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The Power of Keeping Your Head Up – Idea #6 for Better Serving Team Members

texting in office

Recently, I spoke for the Tennessee Society of Association Executives at a hotel and conference center outside of Nashville, TN.  The evening before the day I would present, I took a walk around the property to scope out the room where I would deliver the keynote.

As I walked back to my hotel room, a staff member of the hotel came out of an office and walked toward me.

She almost looked at me, but didn’t.  She sort of smiled – that rather fake kind of smile – then stared intently at the ground as she walked and did her best to communicate non-verbally that she was thinking of something very important and she was not to be bothered.

Have you ever walked by someone like that?  They make it clear that they know you’re there, but they don’t make eye contact and make it clear they want to avoid interacting.

How did that make you feel?

In the case of the hotel staff member, I immediately thought, “This woman is in the wrong industry.”  That kind of avoidance sends the message to guests that they aren’t that important.  Whatever she was thinking about was more important than the guests.

Conversely, in hotels with excellent service, everyone makes it clear that the guests are more important than anything else.  Everyone makes eye contact and offers to be of help in some way.

I think there’s a great takeaway here for leaders, whether we have a title or not.

When we’re walking around the workplace, we always have a choice.  We could be texting like the woman in the image above.  We could keep our heads down and think a lot, like the hotel staff member I described above.

The better choice is to just walk – to be fully present with act of walking – and to be open to connecting with anyone we walk by.  We can think or text later, when we are alone.

There are many benefits to this, including the following:

1.  Walking becomes a chance for us get out of our heads a bit and unwind any anxiety that has been building up. When we’re aware of our bodies and the fact that we’re walking, we might notice that we’re tense or anxious.  This awareness helps us let it go.  Thus, we go into our next task or interaction with a better emotional state and a better chance for a positive outcome.

2.  We get a better pulse of what’s happening around us. This can range from the very obvious – where things are that we should avoid bumping into – to the very subtle, but also important – the emotional climate of the workplace.  If the emotional climate of the workplace is not positive, we should look into what’s going on and how we can help.

3.  By keeping our head up while we walk, open to connecting with those we pass by, we have the ability to make eye contact with people and offer a smile. If we consistently share heartfelt, genuine smiles with people, it can go a long way to improving a workplace culture.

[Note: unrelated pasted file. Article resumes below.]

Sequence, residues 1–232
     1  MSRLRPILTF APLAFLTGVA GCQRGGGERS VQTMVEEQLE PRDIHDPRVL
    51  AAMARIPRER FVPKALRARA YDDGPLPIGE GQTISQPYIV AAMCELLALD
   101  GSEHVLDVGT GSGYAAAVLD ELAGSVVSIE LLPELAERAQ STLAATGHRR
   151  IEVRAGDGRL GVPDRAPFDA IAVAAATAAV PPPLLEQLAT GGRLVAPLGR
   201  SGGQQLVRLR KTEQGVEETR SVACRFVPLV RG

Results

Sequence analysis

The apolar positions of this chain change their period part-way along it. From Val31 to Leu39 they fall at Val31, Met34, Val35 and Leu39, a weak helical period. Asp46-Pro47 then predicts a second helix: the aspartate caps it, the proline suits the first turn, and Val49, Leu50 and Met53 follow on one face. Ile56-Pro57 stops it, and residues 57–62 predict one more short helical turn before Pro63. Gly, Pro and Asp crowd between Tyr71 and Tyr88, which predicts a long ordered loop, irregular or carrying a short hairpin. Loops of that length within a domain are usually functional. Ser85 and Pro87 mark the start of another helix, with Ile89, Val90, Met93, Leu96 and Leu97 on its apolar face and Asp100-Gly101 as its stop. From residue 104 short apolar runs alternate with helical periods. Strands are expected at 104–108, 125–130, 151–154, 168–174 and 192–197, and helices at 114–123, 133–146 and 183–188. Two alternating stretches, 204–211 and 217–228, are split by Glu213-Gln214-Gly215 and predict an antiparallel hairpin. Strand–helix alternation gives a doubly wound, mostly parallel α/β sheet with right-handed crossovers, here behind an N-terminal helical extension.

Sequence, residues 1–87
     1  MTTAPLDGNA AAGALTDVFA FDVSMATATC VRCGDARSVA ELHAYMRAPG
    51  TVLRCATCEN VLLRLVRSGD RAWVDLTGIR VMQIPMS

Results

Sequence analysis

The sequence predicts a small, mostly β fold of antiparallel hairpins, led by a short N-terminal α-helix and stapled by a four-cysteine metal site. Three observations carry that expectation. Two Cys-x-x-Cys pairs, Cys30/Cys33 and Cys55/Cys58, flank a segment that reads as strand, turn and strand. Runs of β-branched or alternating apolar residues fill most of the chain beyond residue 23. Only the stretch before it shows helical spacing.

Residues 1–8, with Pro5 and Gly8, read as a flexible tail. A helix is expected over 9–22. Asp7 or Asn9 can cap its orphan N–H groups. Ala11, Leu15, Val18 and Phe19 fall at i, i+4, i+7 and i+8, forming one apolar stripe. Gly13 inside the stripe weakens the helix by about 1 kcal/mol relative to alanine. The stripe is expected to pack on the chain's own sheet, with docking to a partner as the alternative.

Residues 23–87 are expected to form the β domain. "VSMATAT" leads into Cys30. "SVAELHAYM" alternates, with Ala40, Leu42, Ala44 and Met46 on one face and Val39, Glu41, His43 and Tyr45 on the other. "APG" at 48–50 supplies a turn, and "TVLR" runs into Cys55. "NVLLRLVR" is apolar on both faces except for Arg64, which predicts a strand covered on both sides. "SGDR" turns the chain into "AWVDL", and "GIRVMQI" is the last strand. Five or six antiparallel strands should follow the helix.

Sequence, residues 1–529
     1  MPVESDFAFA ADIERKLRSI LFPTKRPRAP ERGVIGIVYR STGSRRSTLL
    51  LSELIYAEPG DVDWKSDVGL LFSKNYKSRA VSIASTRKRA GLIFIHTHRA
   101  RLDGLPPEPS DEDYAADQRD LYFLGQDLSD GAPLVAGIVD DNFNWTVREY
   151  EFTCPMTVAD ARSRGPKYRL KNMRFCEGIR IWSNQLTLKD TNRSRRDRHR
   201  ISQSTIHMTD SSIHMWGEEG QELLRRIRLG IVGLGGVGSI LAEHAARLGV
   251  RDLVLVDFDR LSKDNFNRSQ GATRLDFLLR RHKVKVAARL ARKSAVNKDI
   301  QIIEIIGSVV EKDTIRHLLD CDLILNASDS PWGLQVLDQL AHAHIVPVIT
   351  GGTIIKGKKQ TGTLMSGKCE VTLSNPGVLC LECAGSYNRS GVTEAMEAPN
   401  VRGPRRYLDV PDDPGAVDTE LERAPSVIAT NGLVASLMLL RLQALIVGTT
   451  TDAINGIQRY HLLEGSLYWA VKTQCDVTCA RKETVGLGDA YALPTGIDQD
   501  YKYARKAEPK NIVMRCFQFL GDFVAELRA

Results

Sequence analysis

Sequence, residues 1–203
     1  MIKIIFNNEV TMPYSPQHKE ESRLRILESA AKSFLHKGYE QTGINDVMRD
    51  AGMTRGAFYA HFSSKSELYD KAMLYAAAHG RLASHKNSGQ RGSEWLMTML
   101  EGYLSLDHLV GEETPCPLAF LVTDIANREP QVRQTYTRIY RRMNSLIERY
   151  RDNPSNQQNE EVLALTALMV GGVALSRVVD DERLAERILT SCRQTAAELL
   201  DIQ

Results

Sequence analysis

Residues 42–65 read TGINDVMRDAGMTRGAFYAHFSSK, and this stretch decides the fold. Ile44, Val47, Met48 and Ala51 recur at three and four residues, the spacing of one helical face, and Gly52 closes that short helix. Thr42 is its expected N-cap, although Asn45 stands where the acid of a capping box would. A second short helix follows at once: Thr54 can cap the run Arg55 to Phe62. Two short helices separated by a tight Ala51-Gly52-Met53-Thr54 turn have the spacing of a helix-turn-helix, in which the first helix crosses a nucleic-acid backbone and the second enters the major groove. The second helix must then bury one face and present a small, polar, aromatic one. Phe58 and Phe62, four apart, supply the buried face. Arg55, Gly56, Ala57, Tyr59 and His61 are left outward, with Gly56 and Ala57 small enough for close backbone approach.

4.  We can also notice the emotional state of individual people and take a moment to connect with someone who appears to be experiencing a negative emotion like anxiety, or sadness. This simple connection shows people we truly care about them, and can help them to both enjoy their day more fully and also be more productive.

I have three suggestions for improving your ability to have a positive connection with team members as a result of more consistently keeping your head up and being open while walking.

1.  Before walking anywhere, take a moment to pause a commit to being fully present while you walk without texting, reading, or allowing yourself to be pulled into distraction by thinking.

2.  Look at people you pass by – whether they’re looking at you or not – with an attitude of kindness and helpfulness.

3.  If you feel compelled to go back to thinking or texting while walking, or if you get distracted, gently remind yourself to start over with steps 1 and 2.


Please leave me a comment below if you apply these ideas.  I’d love to hear about your experience.


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7 thoughts on “The Power of Keeping Your Head Up – Idea #6 for Better Serving Team Members”

  1. Matt, you’re right on the mark. Social skills like smiling, making eye contact and saying “Hello” are being forgotten by many.

  2. Hello, I had previously read something similar to this so I have already incorporated it into my practice somewhat- usually as I am walking from the parking lot to the main building where I work ( it’s a good distance and I pass quite a few people). I find it interesting that many people do just as you described the hotel worker above- they keep their eyes down or forward (sometimes texting) sometimes a slight smile. There is one gentleman that I said “Good morning” to even though he was steadfastly looking straight ahead. Now each time I pass him in the morning it seems, to me, that he actually speeds up as he is coming towards me and even more determinedly looks down, almost like he is cringing in anticipation that I may say good morning. Interesting. Do you think it’s appropriate to say good morning (or some other similar greeting) to people that are so obviously trying to avoid it or would you suggest doing so to only those that seem a little more open to it?

    1. Thanks for sharing this Sheryl. I would keep saying “good morning” in a kind genuine way. Who knows, maybe you’ll make an impact in this person’s life.

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